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Swedish wedding traditions: customs and culture

 

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Are you planning a Swedish wedding? Or perhaps you’re attending one? In part 2 of our three part series on Swedish wedding traditions, we examine the most typical Swedish wedding customs and talk with insiders about what characterizes weddings in Sweden.

When spring and summer come around, it’s no wonder that the time of year sprouts tantalizing thoughts of matrimony for couples everywhere. But once the initial thrill of being newly engaged wears off, the planning period begins. Getting married in Sweden is about as overwhelming as anywhere else, but if you’re not a native Swede this event can seem even more daunting. The typical Swedish wedding ceremony is of course influenced by unique Swedish customs. So whether you’re planning a Swedish wedding or simply attending one, it’s always a good idea to brush up on some of the most common wedding customs in Sweden.




First, let’s take a look at some of the most common Swedish traditions that have been passed down through the generations…

1.       The Swedish wedding day: Swedish weddings, or bröllop, typically take place in an afternoon ceremony. As a common Swedish custom, the couple usually walks down the aisle together.  It’s quite rare that the father of the bride gives his daughter away, after all, that would be a very patriarchal gesture for this rather egalitarian society.

2.       The bridal crown: This is an age-old tradition for Swedish brides, although not as common today and often substituted with a modern tiara or veil. However, traditionally the bride would wear a garland of myrtle leaves on her head (a symbol of innocence) often accompanied with the traditional Swedish wedding folk costume.

3.       Simplistic wedding entourage:  Swedes, in general, tend to have a very minimalistic approach to weddings. Rather than selecting a Maid of Honor with four or five bridesmaids and a Best Man with a couple of ushers, Swedes keep it simple. The Swedish bride and groom will normally have one bridesmaid and one best man. After the ceremony, the couple is greeted by their family and friends who kindly throw ‘uncooked’ rice on the couple.

4.       An old Swedish wedding custom:  Swedes have an adorable tradition where the bride, on her wedding day, carries coins in her shoes. ‘One silver coin in her left shoe from her father, and one gold coin in her right from her mother are used to ensure that she will never go without.

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5.       Swedish wedding rings:  Traditionally a Swedish bride will wear three bands, one for her engagement, one for marriage, and one for motherhood.

6.       The Swedish bridal bouquet:  In Sweden the lucky bride gets to keep her bouquet – Swedish wedding customs don’t have a history of tossing it away!

7.      Swedish wedding speeches:  During the reception, the normally subdued Swedish persona is thrown out the door, as any guest that wishes to give a speech is allowed to at any time. Although this part is often planned (no one wants a drunken relative taking over), expect the speeches to stretch out over the whole dinner!

8.       The kissing tradition: No, not just between the bride and groom, in fact as a guest you might just be lucky enough to plant a kiss on the bride or groom yourself! Tradition has it that if the groom leaves the room for any reason, then the other men at the wedding are allowed to kiss the bride! And vice versa! A unique Swedish tradition without a doubt 😉 Nowadays the bride and groom may also ring a bell. If it is the groom doing it, he will be announcing that it’s time for all men in the party to stand up and dash over to kiss the bride on the cheek or if it’s the bride who rang it, then all women in the party shall stand up and hurry to kiss the groom. This causes quite a commotion as 50% of the wedding guests suddenly get up and stream towards the groom or bride.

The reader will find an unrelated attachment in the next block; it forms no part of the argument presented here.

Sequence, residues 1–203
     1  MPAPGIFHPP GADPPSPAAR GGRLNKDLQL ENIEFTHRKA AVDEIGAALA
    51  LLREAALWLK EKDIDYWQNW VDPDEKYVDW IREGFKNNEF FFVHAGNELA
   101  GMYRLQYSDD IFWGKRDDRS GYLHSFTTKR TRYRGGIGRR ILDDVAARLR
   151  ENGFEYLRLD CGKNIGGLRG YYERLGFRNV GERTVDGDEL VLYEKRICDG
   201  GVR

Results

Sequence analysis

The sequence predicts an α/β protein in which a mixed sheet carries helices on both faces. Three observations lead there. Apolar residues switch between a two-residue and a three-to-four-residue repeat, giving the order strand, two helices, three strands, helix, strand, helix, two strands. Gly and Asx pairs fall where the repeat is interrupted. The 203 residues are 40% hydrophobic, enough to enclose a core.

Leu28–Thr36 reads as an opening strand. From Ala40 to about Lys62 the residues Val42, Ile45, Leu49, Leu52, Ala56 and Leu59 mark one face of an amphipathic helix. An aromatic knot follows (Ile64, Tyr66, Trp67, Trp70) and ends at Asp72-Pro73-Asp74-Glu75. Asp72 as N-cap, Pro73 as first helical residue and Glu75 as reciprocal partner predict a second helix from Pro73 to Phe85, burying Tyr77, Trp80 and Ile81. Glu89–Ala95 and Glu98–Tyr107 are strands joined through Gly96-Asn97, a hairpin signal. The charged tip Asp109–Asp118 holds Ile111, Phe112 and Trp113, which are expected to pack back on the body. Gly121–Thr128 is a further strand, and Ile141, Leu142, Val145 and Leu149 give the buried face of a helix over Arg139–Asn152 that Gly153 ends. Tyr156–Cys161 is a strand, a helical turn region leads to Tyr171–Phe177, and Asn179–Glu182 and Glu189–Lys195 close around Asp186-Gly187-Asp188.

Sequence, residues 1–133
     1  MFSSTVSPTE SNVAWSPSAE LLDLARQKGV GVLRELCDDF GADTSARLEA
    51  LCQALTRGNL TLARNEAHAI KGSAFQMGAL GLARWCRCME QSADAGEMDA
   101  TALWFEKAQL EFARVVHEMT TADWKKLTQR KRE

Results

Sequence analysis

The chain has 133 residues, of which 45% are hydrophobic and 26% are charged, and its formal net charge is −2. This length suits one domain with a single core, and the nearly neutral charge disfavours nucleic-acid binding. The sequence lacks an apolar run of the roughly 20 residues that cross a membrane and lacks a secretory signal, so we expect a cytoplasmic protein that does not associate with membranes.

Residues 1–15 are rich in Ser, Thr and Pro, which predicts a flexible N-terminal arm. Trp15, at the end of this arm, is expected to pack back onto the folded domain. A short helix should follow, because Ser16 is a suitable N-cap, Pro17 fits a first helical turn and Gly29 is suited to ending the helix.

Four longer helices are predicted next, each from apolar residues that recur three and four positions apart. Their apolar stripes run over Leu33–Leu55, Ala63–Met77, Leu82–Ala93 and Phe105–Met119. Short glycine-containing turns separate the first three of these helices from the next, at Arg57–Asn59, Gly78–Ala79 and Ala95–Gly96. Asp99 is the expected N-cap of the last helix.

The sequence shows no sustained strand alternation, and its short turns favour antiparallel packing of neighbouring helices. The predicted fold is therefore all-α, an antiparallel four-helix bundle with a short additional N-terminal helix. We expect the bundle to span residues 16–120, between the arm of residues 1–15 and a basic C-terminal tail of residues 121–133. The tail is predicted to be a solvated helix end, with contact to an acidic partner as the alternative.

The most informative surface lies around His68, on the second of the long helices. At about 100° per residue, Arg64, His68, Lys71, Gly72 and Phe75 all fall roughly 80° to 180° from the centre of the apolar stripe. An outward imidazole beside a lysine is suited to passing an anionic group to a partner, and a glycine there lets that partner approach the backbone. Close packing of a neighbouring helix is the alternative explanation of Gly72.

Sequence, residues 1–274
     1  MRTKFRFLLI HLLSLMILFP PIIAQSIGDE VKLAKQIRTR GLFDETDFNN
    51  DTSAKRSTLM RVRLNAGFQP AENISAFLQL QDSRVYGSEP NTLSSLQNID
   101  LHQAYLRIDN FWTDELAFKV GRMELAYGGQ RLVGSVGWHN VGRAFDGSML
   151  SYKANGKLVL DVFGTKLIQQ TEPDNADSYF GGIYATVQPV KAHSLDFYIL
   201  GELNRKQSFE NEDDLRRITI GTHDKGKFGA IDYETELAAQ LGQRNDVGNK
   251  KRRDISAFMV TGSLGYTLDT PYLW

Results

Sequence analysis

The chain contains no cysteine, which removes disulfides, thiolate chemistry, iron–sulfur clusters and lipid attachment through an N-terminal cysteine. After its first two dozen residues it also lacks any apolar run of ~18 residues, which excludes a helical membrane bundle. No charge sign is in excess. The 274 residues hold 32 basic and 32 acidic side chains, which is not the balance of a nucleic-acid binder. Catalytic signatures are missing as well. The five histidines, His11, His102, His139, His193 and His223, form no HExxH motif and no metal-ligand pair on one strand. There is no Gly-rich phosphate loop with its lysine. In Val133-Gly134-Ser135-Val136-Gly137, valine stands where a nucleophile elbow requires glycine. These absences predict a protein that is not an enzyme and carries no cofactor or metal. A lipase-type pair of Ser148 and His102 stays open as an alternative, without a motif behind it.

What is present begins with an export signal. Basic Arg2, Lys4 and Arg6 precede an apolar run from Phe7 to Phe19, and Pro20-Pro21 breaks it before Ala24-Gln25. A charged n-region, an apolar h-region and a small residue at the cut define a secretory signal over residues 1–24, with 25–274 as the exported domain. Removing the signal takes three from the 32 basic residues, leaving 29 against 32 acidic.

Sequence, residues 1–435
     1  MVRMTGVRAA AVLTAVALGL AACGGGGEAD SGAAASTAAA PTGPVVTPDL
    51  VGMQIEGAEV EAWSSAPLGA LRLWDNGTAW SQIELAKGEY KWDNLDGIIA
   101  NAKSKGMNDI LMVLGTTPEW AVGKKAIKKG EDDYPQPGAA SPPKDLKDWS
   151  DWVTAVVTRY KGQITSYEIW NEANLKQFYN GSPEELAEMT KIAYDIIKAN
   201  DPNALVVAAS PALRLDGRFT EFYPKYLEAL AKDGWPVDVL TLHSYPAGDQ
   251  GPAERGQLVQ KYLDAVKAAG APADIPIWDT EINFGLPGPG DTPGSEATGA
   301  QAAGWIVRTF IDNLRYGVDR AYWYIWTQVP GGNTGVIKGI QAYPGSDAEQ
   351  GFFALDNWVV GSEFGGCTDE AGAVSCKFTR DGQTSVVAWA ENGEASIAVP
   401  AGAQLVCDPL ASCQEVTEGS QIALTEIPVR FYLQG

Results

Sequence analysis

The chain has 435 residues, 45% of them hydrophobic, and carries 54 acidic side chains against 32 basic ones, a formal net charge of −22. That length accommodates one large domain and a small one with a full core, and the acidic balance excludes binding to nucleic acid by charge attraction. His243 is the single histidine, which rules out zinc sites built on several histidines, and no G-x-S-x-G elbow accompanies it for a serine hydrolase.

9.      “Snapsvisor”:  Traditional Swedish wedding folk songs of course! As is common practice in just about every Swedish celebration, the custom of drinking a snaps (vodka heavenly flavoured with things like anis/elderberry/cumin) and belting out silly songs is of course ever present at the Swedish wedding dinner.  Don’t stress out if you don’t know the Swedish songs, each table will usually have a printout of the lyrics (or, if you’re lucky, a tipsy Swede who is happy to teach you). Plus, after a couple of shots of snaps you’ll be fluent 😉

But if you’re really keen on learning the “Bröllopsfest” songs, then this link will help prepare you.



10.   The games:  The one who really wears the pants in the marriage will say, ‘I do!’ the loudest and raise his or her own shoe, the other will say ‘she does’ or ‘he does’ and raise the partner’s shoe

A Swedish wedding, like any other around the world, is a mix of traditions – old and new. For an inside perspective on Swedish wedding customs we spoke with Stockholm based wedding photographer, Karen Lundquist, who shared her impressions from behind the lens.

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Wedding at Stadshuset. Photo by Karen Lundquist

 

“I have seen different games being played at weddings, but one of my favourites is the ‘shoe game’. The couple sits on chairs with their backs against each other, so they cannot see one another. There is a moderator who will start reading questions to the couple such as: Who does the laundry at home? Who snores the worst? Whose family is the nosiest? Then the couple would respond to each question by raising their own or the other’s shoe depending on who is the one to blame for the answer to the question. Let’s say the bride has the nosiest family, then both groom and bride should have to raise her shoe. It gets very funny if both groom and bride, or bride and bride, or groom and groom raise the opposite person’s shoe. Then everybody laughs and most likely they would try to explain themselves as to why they think that the other person has the nosiest family!”